Alstroemeria Flower Meaning

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One of about 50 species of lilies native to the cool heights of the Andes, alstroemeria, or the Peruvian lily, is a member of the Amaryllidaceae family and a relative of the amaryllis and the onion. Colors among the species vary from yellow to golden, apricot to deep pink and even purple and they are a favorite of florists to add a note of the exotic to arrangements.

History

  • Sometimes called the Parrot Lily or the Lily of the Incas, the genus Alstroemeria was named after its discoverer, Swedish Baron Claus von Alstroemer by famous botanist and classifier Carolus Linnaeus. Von Alstroemer collected seeds from the flower on a trip to South America in 1753 and sent them to his teacher, Linnaeus.

Botany

  • The showy flowers of alstroemeria are made up of six tepals (petals and sepals) that are roughly similar in appearance. In some species, two of the tepals will be enlarged and act as attractants to pollinating insects. The ovaries of these flowers are inferior, or fused to the flower base, and produce hard, round seeds.

Culture

  • All members of the genus Alstroemeria grow well in well-drained, acidic, rich soils. They will thrive in the morning sun but also do well in light shade. Alstroemeria are tuberous and rhizomatous plants, forming large clumps of plants and bearing dozens of flower heads. Their rhizomes form sausage-like structures that act as storage for water. Properly tended, they will produce voluminous flowers from spring to summer. Once established, they are best left undisturbed but will transplant well. They are hardy down to 23 degrees Fahrenheit and naturalize well.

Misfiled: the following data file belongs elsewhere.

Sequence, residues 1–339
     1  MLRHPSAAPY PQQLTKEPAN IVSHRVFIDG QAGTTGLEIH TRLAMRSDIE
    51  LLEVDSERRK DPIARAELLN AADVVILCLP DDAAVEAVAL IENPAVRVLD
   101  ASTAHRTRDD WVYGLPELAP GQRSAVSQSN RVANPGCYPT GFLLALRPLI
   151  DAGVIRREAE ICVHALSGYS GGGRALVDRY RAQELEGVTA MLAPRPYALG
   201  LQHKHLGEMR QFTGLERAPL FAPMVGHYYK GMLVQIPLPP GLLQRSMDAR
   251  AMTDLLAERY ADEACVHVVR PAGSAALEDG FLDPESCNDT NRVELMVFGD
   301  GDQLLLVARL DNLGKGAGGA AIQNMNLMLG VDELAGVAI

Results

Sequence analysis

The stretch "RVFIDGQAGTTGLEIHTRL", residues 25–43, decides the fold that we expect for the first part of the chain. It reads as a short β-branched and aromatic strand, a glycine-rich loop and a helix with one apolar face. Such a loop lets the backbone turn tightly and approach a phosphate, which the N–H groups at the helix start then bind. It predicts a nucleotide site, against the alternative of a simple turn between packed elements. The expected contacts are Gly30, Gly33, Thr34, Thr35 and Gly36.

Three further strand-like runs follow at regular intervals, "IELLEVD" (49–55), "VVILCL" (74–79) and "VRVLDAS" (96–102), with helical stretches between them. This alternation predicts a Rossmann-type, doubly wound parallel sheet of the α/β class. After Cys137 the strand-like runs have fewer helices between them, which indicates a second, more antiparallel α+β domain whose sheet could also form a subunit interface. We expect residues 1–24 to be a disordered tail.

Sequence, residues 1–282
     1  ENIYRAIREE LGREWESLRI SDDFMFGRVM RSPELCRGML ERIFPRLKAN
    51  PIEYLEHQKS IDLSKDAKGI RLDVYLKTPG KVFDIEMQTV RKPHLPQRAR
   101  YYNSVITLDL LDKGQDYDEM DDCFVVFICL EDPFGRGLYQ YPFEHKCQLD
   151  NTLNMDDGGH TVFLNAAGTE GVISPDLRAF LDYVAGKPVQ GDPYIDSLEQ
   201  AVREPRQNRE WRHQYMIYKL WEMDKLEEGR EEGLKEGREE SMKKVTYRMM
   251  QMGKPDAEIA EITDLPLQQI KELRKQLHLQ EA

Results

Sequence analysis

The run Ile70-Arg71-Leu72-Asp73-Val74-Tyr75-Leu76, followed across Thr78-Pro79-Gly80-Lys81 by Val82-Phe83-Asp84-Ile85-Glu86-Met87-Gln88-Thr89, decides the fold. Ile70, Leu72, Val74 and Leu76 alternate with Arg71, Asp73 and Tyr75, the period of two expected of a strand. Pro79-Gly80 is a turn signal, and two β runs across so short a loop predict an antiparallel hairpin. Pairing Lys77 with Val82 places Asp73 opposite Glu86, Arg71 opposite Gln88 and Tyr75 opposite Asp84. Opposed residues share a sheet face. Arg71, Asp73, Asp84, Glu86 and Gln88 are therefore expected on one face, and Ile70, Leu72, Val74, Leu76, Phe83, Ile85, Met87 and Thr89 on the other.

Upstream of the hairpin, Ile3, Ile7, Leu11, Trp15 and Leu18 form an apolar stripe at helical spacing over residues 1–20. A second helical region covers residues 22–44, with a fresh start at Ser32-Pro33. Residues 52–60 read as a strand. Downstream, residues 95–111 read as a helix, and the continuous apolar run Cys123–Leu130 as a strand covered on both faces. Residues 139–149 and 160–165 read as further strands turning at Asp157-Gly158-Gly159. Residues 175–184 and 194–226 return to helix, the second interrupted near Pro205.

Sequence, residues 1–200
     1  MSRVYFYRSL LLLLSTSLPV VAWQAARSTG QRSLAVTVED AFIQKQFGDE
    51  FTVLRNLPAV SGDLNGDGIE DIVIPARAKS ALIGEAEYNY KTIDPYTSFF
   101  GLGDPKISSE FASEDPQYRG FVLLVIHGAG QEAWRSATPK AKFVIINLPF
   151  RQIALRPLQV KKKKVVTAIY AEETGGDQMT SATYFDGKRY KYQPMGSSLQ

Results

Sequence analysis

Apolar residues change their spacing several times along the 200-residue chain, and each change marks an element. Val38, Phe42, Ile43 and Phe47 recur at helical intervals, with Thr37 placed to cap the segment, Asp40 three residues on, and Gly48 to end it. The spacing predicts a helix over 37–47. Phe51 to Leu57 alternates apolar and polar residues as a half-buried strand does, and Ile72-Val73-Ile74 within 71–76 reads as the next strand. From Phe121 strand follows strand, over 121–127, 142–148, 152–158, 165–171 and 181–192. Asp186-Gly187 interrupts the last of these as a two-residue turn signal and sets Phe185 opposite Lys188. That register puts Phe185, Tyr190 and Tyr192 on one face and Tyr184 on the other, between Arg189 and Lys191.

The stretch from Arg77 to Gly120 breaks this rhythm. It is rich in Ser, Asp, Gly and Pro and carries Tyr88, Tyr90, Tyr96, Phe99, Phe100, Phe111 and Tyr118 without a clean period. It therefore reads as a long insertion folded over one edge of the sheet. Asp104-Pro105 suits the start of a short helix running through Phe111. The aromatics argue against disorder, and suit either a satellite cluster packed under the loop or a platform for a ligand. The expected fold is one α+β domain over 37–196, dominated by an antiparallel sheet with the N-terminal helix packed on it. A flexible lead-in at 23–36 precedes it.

Use as Florist Plants

  • The unique twisting leaves coupled with the wide range and vividness of the colors of this genus of flowers makes alstroemeria a favorite of florists. Grown in Europe since the 18th century, they are now grown internationally, with more than 200 cultivars. They do, however, tend to drop their flower petals if exposed to unfavorable temperatures or reduction in water. Due to intensive breeding, alstroemeria are available year round, making them a ready complement to any bouquet or arrangement. Alstroemeria have a vase life of 6 to 10 days. However, they are sensitive to both ethylene and fluoride. Avoid keeping arrangements in a kitchen environment near apples or other ripening fruit and water only with filtered water.

Symbolism

  • The leaves of the alstroemeria grow upside down, twisting and turning as they mature, and trigger its association with the virtues of friendship and devotion and represent the growth and change found in long term-friendships and other relationships. Alstroemeria also signify wealth, prosperity and fortune.

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References

  • Photo Credit Mysterious Alstroemeria image by LOA from Fotolia.com
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